Travel Trends in 2023

Header Image

An interesting insight into travel trends for operators for 2023 has been issued by the European Tour Group about what customers are looking for this year. Three key trends have emerged with a shift in behavioural patterns. The feature, which draws on external research as well as its own insights, investigates how these trends will impact the travel market, and how venues are adapting accordingly. In this research, golf resorts are the specific focus, but we think that the overall content is applicable to all types of resorts in the Uk and across Europe, from smaller glamping sites to much larger lodge and holiday park developments.

The trends identified are 

• The Pursuit of Wellness
• Digital Nomads
• Eco-Travel


Not long ago, wellness might have been akin to taking some time out, maybe having a massage at the hotel spa. Now, in 2023, the advent of a deeper understanding of physical and mental wellbeing has paved the way for an era of wellness travel to formalise.  The pandemic has had a profound and potentially lasting impact on people’s thinking around health and wellbeing.

As examples of what leisure parks and operators should be looking at providing, it could be a fully built shared spa building experience for guests, or elements specific to each lodge such as private jacuzzi’s or sauna’s. Or clients being able to book in experiences on their stay such as yoga, massages and wellness classes. Connection to nature via views and site placement also come under this category of wellness, it has become documented that a connection to nature is an important part of wellbeing.

Our buildings at Urban Blossom are always designed to include key views of nature, whether it is via rooftop spaces or private terraces. We have roll-top baths placed specifically to relax in and enjoy the views into nature. We are also launching personal spa lodge retreats which expand the wellness factor with elements such as private hydrotherapy pools, saunas and hammam showers. A private and luxurious oasis for guests to recharge and reconnect with nature.

Image: Freepik

Remote – or at least hybrid – working is here to stay, and is fuelling the thirst for longer trips and multi-generational travel, as well as a demand for self-catering accommodation that resembles a home from home.  Throw in a ‘you only live once’ mentality and the fact destinations have adapted to meet the demands of flexible working – think fast WiFi and social spaces converted into hot desk-style areas – and this trend is only going to continue.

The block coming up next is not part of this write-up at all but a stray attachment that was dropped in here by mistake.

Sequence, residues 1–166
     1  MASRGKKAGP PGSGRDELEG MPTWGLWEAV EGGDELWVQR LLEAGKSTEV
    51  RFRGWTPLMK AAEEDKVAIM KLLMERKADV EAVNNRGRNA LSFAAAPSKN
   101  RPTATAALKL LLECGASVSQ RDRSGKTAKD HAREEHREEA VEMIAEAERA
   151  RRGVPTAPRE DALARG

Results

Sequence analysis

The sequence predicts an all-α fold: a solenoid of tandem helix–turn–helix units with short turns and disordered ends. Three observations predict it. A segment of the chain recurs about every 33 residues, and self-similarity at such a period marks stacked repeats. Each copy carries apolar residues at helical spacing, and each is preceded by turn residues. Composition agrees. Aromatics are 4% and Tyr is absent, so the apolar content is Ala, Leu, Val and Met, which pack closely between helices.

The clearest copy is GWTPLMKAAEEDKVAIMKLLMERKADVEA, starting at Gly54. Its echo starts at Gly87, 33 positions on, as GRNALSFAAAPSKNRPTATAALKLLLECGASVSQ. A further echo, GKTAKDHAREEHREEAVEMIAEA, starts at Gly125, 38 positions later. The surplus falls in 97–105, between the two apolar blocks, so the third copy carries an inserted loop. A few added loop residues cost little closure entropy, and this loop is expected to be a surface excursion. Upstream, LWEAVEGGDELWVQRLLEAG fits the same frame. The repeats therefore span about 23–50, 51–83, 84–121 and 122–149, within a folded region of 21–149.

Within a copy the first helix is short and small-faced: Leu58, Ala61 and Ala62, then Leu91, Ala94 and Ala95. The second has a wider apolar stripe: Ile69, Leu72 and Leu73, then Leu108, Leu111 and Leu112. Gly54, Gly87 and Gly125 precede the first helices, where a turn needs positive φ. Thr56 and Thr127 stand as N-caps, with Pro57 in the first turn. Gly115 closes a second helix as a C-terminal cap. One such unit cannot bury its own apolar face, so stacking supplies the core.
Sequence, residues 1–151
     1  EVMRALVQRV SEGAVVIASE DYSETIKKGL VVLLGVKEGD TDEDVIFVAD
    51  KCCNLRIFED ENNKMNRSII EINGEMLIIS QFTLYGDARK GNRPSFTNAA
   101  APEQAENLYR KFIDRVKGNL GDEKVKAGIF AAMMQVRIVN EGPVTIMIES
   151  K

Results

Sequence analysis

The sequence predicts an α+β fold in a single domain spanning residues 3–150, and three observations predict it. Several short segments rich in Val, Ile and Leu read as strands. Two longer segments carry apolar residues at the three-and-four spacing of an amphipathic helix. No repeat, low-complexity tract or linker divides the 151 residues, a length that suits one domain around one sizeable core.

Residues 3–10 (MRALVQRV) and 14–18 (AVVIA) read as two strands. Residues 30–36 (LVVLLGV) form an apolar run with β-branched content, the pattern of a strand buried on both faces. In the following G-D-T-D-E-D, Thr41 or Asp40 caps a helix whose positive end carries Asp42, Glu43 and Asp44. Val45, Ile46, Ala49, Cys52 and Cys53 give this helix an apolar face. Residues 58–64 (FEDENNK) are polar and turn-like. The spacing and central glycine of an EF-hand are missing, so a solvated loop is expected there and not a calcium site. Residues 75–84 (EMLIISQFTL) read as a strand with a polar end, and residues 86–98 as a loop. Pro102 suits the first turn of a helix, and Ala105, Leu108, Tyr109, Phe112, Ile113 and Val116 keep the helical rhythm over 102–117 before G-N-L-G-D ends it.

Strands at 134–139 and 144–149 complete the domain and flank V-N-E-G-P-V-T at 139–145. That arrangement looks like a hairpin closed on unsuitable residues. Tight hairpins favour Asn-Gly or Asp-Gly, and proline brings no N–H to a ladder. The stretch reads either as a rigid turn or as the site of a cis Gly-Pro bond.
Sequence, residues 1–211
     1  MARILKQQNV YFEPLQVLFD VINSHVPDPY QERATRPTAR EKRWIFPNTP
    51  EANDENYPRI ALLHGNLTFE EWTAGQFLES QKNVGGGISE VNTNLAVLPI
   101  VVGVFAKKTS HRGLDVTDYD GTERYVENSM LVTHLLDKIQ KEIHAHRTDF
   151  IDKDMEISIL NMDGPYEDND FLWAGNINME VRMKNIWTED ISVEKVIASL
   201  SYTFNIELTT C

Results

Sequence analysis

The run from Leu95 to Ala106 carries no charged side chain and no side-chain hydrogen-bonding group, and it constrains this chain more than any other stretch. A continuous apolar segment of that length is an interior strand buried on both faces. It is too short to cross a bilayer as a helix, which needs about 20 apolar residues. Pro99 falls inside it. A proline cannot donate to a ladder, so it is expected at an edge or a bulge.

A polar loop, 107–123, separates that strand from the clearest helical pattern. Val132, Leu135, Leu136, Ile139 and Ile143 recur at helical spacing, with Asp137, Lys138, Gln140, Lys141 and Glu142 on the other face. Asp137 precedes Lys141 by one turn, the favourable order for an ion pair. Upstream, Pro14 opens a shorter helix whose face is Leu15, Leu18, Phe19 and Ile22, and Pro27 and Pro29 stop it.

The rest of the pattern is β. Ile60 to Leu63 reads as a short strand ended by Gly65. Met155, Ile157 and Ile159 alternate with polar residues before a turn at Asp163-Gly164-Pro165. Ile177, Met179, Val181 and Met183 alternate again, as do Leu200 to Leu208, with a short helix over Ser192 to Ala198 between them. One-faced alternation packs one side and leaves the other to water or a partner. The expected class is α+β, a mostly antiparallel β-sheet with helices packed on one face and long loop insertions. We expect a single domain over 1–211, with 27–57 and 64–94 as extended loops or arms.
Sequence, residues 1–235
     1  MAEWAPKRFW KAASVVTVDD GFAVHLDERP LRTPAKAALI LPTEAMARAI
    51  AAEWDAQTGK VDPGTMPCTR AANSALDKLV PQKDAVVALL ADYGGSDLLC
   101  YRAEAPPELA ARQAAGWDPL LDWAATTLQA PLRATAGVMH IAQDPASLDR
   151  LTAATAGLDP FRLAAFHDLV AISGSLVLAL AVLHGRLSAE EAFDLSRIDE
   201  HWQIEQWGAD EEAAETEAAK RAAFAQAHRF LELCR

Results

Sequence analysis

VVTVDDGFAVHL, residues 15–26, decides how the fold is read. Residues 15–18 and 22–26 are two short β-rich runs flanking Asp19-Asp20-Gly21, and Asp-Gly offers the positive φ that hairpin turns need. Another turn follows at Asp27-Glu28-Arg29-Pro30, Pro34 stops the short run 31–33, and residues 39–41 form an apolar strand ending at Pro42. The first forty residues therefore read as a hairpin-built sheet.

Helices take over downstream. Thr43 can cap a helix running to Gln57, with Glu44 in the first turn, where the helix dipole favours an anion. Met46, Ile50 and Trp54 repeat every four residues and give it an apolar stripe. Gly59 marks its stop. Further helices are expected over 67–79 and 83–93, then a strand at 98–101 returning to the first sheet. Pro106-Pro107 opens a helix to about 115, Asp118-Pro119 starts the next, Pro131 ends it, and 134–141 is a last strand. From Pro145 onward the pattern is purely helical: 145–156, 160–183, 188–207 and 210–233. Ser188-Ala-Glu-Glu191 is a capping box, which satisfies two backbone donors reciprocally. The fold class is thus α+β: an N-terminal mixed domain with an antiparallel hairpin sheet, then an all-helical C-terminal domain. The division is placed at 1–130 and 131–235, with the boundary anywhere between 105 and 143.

So as much as it is the dream to be able to disconnect from the world on holidays and turn off the smartphones, the reality is that clients expectations will be reliable wi-fi and a comfortable space to work in if needed.

Image by zinkevych on Freepik

Green tourism is on the rise. Global warming, wild fires, floods – the effects of climate change are evident year after year, causing resorts to adapt and evolve their operations to be more sustainable, and consumers to make decisions with a beady eye on their carbon footprint. A recent YouGov survey indicated that 53% of consumers look for sustainable options when travelling, with the same proportion willing to pay more for a sustainable holiday. How resorts can offer this in the UK can be via off-grid systems, the types of sustainable materials used to build new lodges, the use of new thermally efficient buildings, recycling water and many more options. For new sites this can be built into the infrastructure and considered across all elements, but for exisiting sites it can be a challenge to retrofit some services due to space, cost and disruption.

At Urban Blossom, we are committed to delivering thermally efficient designs to operators and sites. Our weather is changing, and we all need to think about how we can create passive building designs that minimise energy use to heat and cool them. The materials used in builds also need to be sustainable, there are some remarkable products appearing which re-use waste plastics and wood and will offset the carbon footprints of the sites.

Image by pvproductions on Freepik

People lost the freedom to travel during the pandemic, and now it’s back, they are hungrier than ever to see, to do, to experience.

The recovery, so far, has revealed new behaviours and a reshuffling of priorities, allowing destinations to reassess their offering and ensure it still marries up with what consumers are looking for, both now and in the future.

The question is: Are you ready for them?